My Kind of Summer

High summer is here with steamy viscous air so thick one can barely breathe...except, that was not true for the last couple of days. We have had a reprieve. A short one, for traditional weather is returning quickly. But July 4th and 5th have been more like spring days, with lower humidity and exhilarating breezes to mitigate the warm temperatures, which only made it into the eighties. At night, we can open our windows! I enjoyed this unexpected gift by spending extra time in the garden.A recent close-up of one of my Snowflake hydrangeas. Snowflake hydrangeas have double blooms, unlike common Oakleaf hydrangeas, and as they age, they turn dusty rose. Oakleaf hydrangeas are native and offer year-round beauty and interest.A month ago, when I posted on the June garden, this same view of the front garden, shown below, was a swath of pink, but now the Knockout roses are quiet, getting ready to produce another flush, and the Anthony Waterer spireas are putting out only occasional blooms. Soon I will trim them back.

The crepe myrtles are blooming and will provide color for the rest of the summer. In the front garden there are two old-fashioned watermelon-pink ones and three lavender "miniatures." From this photo you can see how large "miniature" is, though advertised to grow to three feet!

Here is one image from the woodland garden, taken late afternoon as the sun was streaming through. This is my favorite time to be in the woodland garden; it is magical! The fern in the foreground is a Bird's Nest fern, Asplinium nidus. It is in a pot so I can bring it in for the winter.

High summer in the Deep South means green in all its manifestations. Foliage reigns supreme. Here is a sampling from my garden:Clockwise from top left: Indigofera ground cover; Crookneck squash leaf; Rhododendron, which has never bloomed, but maybe someday; Native holly fern; Variegated sedge; Maidenhair fern.

Clockwise from top left: Pilea; Hydrangea 'Lady in Red'; Japanese Painted Fern; Anise 'Florida Sunshine'; Variegated Jacob's Ladder; Native Trillium cuneatum and Autumn fern.

Foliage may be supreme, but flowers continue to play a lovely part in the garden. Coneflowers are doing well, or maybe they are not. Some of them have flowers that appear stunted. Those all-green they have a virus, or am I lucky to have a weird new variety?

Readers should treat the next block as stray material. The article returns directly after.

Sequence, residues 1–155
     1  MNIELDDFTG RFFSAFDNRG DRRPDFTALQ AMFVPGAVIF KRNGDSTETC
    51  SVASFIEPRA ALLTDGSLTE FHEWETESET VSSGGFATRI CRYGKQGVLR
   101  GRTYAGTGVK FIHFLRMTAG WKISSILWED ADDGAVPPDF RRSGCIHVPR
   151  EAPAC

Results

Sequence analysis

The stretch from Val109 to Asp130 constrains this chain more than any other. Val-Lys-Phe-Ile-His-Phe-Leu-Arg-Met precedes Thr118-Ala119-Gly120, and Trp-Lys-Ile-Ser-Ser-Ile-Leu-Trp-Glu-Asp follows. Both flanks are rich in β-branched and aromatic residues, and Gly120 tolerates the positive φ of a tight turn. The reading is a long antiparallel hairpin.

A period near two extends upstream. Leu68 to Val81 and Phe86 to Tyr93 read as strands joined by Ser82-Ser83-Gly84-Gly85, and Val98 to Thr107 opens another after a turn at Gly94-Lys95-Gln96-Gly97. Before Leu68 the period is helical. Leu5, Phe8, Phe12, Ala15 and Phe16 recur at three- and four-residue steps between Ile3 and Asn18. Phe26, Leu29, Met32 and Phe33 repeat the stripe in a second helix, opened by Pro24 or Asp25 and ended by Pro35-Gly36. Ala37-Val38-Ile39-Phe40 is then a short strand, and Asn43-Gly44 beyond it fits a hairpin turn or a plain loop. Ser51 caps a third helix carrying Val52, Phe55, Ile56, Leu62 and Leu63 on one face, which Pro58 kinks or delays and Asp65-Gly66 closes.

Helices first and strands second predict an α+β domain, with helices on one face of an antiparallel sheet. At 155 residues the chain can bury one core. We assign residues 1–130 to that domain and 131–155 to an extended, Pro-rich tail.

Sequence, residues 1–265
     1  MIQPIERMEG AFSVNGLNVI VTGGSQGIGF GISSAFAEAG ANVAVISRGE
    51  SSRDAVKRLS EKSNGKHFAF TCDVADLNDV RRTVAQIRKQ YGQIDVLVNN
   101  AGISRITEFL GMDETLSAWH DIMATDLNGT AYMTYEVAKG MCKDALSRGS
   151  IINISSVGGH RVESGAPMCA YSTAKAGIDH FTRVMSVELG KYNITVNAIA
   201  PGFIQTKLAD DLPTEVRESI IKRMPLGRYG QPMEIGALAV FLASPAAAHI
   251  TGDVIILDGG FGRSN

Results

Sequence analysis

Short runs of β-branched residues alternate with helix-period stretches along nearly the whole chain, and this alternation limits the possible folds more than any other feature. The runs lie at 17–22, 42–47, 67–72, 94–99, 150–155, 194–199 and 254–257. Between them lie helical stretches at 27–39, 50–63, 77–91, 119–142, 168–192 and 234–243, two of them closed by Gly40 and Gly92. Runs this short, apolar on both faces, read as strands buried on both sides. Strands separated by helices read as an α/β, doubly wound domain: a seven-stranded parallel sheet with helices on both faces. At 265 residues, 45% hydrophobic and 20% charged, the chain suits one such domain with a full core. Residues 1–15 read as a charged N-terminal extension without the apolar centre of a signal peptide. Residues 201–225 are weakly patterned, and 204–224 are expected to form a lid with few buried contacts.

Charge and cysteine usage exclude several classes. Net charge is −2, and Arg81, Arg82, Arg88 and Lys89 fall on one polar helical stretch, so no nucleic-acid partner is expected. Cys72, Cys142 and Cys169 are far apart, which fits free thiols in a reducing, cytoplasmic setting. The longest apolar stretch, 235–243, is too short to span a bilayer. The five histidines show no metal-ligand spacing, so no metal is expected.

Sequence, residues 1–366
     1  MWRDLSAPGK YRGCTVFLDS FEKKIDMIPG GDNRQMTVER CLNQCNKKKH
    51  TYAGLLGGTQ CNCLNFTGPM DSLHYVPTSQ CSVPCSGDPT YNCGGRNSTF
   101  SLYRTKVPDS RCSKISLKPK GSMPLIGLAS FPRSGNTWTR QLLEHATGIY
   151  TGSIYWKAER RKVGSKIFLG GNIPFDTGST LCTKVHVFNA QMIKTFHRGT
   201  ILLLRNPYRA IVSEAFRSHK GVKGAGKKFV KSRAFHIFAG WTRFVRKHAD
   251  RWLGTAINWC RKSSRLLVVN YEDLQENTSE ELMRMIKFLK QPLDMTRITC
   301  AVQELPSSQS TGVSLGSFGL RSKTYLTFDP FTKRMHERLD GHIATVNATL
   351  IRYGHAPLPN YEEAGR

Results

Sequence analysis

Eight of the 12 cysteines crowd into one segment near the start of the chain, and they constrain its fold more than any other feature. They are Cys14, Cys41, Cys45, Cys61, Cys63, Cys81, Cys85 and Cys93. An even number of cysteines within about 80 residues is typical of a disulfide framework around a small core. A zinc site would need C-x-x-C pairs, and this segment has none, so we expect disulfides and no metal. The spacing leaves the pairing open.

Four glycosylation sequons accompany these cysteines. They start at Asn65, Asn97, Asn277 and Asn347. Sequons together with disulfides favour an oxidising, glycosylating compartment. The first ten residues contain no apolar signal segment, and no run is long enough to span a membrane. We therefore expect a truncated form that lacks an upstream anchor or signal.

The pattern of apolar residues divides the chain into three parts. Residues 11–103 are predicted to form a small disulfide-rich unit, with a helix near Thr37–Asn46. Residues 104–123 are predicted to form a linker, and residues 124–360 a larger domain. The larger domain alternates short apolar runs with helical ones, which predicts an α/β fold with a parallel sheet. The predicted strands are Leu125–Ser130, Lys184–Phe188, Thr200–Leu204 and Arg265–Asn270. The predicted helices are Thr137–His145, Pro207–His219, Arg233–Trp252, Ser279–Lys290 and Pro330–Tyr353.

Here are more flowers. At the top are the very last of my foxgloves. The beauty of the fading leaves, their veins prominently outlined in pink, caught my attention. Almost, one would think they were supposed to be that way!Top: Fading Foxglove. Middle: Calla lily, Zantedeschia. Bottom: Romantica rose 'Orchid Romance'.

Check out these flower centers. Can you guess what they are? Answers below! Clockwise from top left: Balloon flower, Platycodon; Rose campion; Seed head of Phlox maculata; Hydrangea macrophylla, 'Forever Pink'.

I often show images like the ones below in winter, when there is not much to look at, but I love these things year round. When I was a child, I collected rocks and oddities from the yard. I still do!How about my clay frog? I fell in love with this creature and brought him home this past spring.He sits on a ball atop a marble mosaic table top, nestled amidst greenery in the woodland garden.The owner of a furniture store let me have the table top for free because a corner was damaged. I originally intended to repair it and put it on a base to make a real table, but repair proved harder than I thought. It sat for over a year leaning against the wall of the carport. Lou was beginning to grumble about it, so I decided to put it in the garden. I moved it several times until I found a place overlooking the fern glade. The broken corner is easily overlooked, and the frog on the ball makes it seem to be intended for the purpose.